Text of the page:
19 Nocturne Boulevard, July 2013
Fatal Girl - written,
directed and conceived by Hoverson - is a six-part fantasy drama whose main characters fight demons due to a family legacy.
They are well-drawn: Alice Yamaguchi (Beverly Poole) is both brave yet vulnerable, someone who can take care of herself yet
prone to moments of weakness. Chiyoko (Hoverson) likewise has to fight off demons to protect and satisfy her ancestors.
Ken (Reynaud LeBoeuf) tries to conform to what he conceives as an image of masculinity - strength, power, dominance - but
finds it increasingly difficult to do so.
The interplay between the characters has been deftly staged. As the six-part drama unfolds,
we see the protagonists learning how to get one with each other, even though the process proves a difficult one. Although
billed on the website as a drama in the style "of a dark anime," Fatal Girl is mostly about people and how they cope
under difficult circumstances.
And yet I can't help feeling that some judicious editorial pruning might have rendered the drama even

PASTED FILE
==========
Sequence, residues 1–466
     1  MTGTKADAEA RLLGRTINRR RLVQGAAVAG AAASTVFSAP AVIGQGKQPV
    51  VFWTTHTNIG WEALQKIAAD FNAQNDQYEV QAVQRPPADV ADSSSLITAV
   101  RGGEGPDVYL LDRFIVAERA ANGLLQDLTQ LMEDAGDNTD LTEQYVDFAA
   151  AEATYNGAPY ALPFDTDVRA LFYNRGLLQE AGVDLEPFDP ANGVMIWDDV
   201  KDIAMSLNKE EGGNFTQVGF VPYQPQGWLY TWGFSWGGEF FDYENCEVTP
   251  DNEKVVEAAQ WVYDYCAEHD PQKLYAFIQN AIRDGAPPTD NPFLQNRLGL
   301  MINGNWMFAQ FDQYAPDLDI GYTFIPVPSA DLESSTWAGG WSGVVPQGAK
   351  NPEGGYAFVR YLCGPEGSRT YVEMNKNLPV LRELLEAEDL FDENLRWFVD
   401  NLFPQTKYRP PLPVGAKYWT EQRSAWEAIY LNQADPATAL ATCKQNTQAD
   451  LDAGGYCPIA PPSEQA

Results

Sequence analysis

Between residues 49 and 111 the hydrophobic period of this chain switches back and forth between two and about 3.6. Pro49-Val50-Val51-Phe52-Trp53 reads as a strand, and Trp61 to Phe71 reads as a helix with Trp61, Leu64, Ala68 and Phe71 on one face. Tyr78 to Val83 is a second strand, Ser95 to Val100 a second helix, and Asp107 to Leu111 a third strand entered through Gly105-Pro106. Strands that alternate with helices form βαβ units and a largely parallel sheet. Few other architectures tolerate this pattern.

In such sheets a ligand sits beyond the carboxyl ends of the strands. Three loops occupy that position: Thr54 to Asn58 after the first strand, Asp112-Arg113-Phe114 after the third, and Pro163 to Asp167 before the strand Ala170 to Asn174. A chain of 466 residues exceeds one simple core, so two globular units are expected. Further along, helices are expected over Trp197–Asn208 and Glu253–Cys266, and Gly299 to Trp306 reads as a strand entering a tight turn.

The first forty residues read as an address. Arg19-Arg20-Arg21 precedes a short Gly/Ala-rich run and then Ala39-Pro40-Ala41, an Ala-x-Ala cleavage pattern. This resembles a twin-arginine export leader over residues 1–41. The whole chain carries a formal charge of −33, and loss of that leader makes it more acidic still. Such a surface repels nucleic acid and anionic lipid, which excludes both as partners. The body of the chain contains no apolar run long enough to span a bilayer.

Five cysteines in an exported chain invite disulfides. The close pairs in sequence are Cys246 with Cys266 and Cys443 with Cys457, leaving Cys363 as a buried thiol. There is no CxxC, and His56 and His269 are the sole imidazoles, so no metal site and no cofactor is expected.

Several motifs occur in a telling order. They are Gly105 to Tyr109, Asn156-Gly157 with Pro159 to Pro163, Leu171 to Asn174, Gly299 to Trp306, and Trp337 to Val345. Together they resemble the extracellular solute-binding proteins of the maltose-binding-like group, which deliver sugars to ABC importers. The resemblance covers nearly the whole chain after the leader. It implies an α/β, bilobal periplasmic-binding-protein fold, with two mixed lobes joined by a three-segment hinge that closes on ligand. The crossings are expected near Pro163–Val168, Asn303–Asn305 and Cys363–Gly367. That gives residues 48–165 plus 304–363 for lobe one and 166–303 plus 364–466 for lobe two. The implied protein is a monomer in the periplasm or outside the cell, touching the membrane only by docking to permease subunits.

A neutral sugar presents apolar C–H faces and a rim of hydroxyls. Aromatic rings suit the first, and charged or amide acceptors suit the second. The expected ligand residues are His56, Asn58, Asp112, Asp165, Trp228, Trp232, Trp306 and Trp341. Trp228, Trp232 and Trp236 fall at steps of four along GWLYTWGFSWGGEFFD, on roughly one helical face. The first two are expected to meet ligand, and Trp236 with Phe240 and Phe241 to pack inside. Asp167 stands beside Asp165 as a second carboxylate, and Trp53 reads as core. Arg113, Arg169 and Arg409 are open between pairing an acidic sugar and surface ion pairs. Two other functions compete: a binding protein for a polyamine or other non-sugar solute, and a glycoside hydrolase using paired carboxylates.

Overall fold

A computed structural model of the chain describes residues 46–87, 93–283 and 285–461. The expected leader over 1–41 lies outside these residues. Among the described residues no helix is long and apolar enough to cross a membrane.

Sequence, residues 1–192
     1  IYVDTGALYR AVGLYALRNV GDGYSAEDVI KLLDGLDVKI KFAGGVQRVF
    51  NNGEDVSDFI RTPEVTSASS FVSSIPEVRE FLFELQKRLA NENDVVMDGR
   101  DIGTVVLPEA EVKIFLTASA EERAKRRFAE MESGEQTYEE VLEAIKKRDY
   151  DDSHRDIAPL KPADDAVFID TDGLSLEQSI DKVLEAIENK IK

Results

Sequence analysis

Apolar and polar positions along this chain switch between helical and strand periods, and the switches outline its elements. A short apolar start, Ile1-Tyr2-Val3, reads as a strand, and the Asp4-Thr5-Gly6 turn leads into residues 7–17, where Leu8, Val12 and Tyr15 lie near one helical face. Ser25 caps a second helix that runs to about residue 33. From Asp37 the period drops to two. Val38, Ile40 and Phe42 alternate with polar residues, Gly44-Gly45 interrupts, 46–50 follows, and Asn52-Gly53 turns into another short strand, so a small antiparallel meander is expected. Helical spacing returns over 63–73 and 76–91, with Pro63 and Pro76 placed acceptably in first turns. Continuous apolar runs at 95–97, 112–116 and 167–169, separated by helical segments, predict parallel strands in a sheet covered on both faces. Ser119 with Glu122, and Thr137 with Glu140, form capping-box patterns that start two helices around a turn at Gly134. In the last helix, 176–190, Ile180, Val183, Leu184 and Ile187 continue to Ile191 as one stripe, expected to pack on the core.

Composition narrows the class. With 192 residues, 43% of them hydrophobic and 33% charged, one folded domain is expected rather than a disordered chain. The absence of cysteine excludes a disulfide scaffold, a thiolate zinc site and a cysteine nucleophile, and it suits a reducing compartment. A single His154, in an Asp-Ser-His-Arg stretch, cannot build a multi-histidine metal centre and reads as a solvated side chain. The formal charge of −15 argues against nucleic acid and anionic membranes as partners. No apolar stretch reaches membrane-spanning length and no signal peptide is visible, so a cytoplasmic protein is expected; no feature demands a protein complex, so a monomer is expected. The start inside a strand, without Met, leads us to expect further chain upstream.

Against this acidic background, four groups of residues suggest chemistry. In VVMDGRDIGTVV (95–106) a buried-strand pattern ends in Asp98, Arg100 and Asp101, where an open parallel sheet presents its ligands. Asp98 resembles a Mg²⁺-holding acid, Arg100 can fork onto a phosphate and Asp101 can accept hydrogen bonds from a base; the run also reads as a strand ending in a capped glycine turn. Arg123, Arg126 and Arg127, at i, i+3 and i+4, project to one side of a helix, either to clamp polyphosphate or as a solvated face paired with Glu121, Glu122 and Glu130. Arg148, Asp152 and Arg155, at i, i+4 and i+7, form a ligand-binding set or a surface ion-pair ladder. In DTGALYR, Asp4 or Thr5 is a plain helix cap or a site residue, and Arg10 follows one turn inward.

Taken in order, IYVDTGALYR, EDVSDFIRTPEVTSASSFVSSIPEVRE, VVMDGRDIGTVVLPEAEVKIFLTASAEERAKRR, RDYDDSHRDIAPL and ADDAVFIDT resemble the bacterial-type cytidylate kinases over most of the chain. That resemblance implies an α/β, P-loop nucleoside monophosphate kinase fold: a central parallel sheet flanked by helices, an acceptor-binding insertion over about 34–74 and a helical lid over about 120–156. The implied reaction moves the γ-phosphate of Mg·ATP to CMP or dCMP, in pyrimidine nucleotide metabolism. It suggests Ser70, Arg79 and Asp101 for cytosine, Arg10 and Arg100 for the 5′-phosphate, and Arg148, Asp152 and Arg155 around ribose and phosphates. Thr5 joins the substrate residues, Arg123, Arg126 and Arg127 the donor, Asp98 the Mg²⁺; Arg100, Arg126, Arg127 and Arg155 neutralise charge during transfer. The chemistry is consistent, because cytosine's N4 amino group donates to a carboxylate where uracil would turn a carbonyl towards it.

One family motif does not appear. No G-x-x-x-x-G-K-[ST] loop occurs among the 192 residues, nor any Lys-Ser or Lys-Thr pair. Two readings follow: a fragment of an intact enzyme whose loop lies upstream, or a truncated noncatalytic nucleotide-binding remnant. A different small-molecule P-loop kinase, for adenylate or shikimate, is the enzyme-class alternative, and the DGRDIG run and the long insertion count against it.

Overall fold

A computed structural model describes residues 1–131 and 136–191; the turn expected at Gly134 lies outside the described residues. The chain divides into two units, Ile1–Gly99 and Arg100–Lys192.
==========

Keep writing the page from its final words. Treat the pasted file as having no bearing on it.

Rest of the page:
more entertaining. Sometimes the dialogue tends to run on a bit, with the characters indulging in well-worn (and often
spurious) verbal clichés. Hoverson is a talented writer, with a gift for creating dramatic situations (as her other
work on the 19 Nocturne Boulevard site amply demonstrates), but sometimes I feel that in Fatal Girl she
has let her imagination run away with her a little, to the detriment of the drama as a whole.
Nonetheless I think that the six-part drama
is definitely worth a listen, if only for its analysis of contemporary gender relationships within the anime structure.